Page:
¶6 Stascak argues, in part, that the first two, contempt-related issues that he raises are moot because the court found at the February 14, 2018 hearing that Jackson was no longer in contempt for failing to use the website and would not be subject to any sanction based on his past contempt for failing to use the website. She also argues that there are no exceptional or compelling reasons for this court to entertain the moot arguments.
¶7 Jackson does not contend that his first and second arguments are not moot, and thus he implicitly concedes the point. See Charolais Breeding Ranches, Ltd. v. FPC Sec. Corp. , 90 Wis. 2d 97, 109, 279 N.W.2d 493 (Ct. App. 1979) (unrefuted arguments on appeal may be taken as conceded). The circuit court here explicitly exercised its discretion to decline to impose a sanction on Jackson. See Carney v. CNH Health & Welfare Plan , 2007 WI App 205, ¶24, 305 Wis. 2d 443, 740 N.W.2d 625 (statute authorizing remedial sanctions, WIS. STAT. § 785.04(1), "permits, but does not require, imposition of sanctions"). Jackson does not explain how my review of a finding of contempt absent a sanction would have any practical impact on the underlying controversy. Therefore, I deem the contempt issues moot.
¶8 Further, Jackson does not present a developed argument that there are exceptional or compelling circumstances involving his mooted arguments that would merit consideration of those issues. And, the circumstances do not appear to me to be exceptional or compelling.
¶9 I turn to the third issue, which may not be moot. Jackson contends that the circuit court "lost its competency to render" its July 31 order because "mandatory statutory time requirements were not met." This argument is based on two facts. The written order memorializing the court’s July 31 order was not submitted to the court and filed with the clerk of court within 30 days after judgment was granted. This was an apparent violation of WIS. STAT. § 767.251(2). Jackson contends that the court lost its competency to proceed, and "was prevented from adjudicating" any aspect of topics addressed in the July 31 oral order, as of August 30, due to this "failure to comply with [a] legislatively imposed mandate[ ]."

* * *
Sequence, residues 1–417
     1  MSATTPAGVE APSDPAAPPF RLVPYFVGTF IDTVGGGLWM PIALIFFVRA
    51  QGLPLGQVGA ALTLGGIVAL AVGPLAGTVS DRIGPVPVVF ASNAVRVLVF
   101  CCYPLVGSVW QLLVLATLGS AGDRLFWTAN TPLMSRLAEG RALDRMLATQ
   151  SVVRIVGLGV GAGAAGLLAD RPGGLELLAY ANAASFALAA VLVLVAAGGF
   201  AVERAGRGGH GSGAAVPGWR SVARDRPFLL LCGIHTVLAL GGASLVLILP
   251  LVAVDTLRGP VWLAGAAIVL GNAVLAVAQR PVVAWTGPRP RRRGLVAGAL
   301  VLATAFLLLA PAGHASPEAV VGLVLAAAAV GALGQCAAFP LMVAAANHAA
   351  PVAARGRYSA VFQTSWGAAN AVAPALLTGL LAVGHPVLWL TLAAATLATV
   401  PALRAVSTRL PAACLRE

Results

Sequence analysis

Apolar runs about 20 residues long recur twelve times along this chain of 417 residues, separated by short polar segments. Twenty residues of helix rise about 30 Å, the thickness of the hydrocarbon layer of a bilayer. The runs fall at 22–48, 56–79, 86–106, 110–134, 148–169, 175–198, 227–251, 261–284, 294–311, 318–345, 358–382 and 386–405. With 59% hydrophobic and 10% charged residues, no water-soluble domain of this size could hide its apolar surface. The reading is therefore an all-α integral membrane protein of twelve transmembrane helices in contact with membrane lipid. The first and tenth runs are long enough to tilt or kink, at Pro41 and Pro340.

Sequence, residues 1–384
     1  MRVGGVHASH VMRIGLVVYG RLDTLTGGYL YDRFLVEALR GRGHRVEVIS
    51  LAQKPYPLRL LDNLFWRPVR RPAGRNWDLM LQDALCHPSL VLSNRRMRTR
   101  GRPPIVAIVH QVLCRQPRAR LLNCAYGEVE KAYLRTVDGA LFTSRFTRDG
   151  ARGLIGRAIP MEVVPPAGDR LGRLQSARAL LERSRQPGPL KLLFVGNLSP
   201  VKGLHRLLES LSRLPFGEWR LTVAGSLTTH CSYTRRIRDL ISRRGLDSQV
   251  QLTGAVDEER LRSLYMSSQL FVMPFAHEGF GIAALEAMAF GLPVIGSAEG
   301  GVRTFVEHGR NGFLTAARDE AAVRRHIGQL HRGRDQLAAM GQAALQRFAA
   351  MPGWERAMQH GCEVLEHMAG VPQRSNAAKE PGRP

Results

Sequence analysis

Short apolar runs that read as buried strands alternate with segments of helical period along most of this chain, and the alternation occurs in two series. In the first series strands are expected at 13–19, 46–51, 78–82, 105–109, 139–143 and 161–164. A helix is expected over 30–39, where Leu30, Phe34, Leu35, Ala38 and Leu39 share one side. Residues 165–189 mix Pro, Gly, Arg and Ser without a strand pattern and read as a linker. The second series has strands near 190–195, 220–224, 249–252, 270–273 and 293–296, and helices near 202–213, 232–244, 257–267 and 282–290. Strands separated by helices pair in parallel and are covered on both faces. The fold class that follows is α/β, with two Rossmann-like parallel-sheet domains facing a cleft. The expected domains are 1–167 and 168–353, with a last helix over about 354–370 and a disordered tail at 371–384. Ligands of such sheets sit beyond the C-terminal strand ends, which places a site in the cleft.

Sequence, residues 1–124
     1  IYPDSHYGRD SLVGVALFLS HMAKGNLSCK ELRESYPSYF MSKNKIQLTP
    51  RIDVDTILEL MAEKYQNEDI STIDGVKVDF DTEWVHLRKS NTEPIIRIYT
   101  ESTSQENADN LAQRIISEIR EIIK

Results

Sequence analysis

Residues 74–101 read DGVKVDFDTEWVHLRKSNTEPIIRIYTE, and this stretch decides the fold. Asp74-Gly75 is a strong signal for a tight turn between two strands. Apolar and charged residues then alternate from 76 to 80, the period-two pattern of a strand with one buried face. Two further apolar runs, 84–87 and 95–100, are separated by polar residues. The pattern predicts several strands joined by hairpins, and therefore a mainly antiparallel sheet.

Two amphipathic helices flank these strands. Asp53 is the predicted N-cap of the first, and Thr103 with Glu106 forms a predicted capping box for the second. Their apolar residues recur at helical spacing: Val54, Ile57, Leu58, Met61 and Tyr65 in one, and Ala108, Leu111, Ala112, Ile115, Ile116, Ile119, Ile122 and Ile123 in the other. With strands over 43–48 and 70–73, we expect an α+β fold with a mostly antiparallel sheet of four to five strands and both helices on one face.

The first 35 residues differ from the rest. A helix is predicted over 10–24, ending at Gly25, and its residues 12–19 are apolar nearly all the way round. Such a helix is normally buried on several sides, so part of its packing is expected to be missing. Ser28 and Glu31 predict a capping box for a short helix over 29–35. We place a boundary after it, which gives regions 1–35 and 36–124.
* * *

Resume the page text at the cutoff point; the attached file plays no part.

Aspects of drafting and filing of judgments in family actions are addressed in Wis. Stat. § 767.251(2) :
Preparation. The findings of fact, conclusions of law, and the written judgment shall be drafted by the petitioner unless the court otherwise directs, and shall be submitted to the court and filed with the clerk of the court within 30 days after judgment is granted.
I observe that Jackson does not suggest that he was prejudiced in any manner by this timing issue. His argument is based strictly on the fact that the 30-day period in Wis. Stat. § 767.251(2) had lapsed.
¶10 However, as Stascak points out, it is fatal to Jackson’s argument that he fails to provide a supported explanation for the proposition that the 30-day period set forth in WIS. STAT. § 767.251(2) is central to the pertinent statutory scheme in chapter 767. See City of Eau Claire v. Booth , 2016 WI 65, ¶21, 370 Wis. 2d 595, 882 N.W.2d 738 (statutory noncompliance results in a lack of circuit court competency " ‘[o]nly when the failure to abide by a statutory mandate is "central to the statutory scheme" of which it is a part....’ ") (quoting Village of Trempealeau v. Mikrut , 2004 WI 79, ¶10, 273 Wis. 2d 76, 681 N.W.2d 190 ). On this point, in his reply brief, Jackson offers only conclusory assertions. He argues that, because the legislature said 30 days, this must mean that written judgments filed after the 30th day are without effect. Jackson fails to persuade me that the 30-day time period for the filing of written judgments is central to the statutory scheme allowing circuit courts to resolve disputes in family court proceedings. Further, Jackson primarily cites case law that addresses statutory deadlines in contexts distinct from this one. One example involves cases addressing deadlines for filing appeals of various kinds when cases are at the critical stage of moving from completed proceedings before one adjudicating body to new proceedings before another body.
By the Court .—Order affirmed.
This opinion will not be published. See WIS. STAT. RULE 809.23(1)(b)4.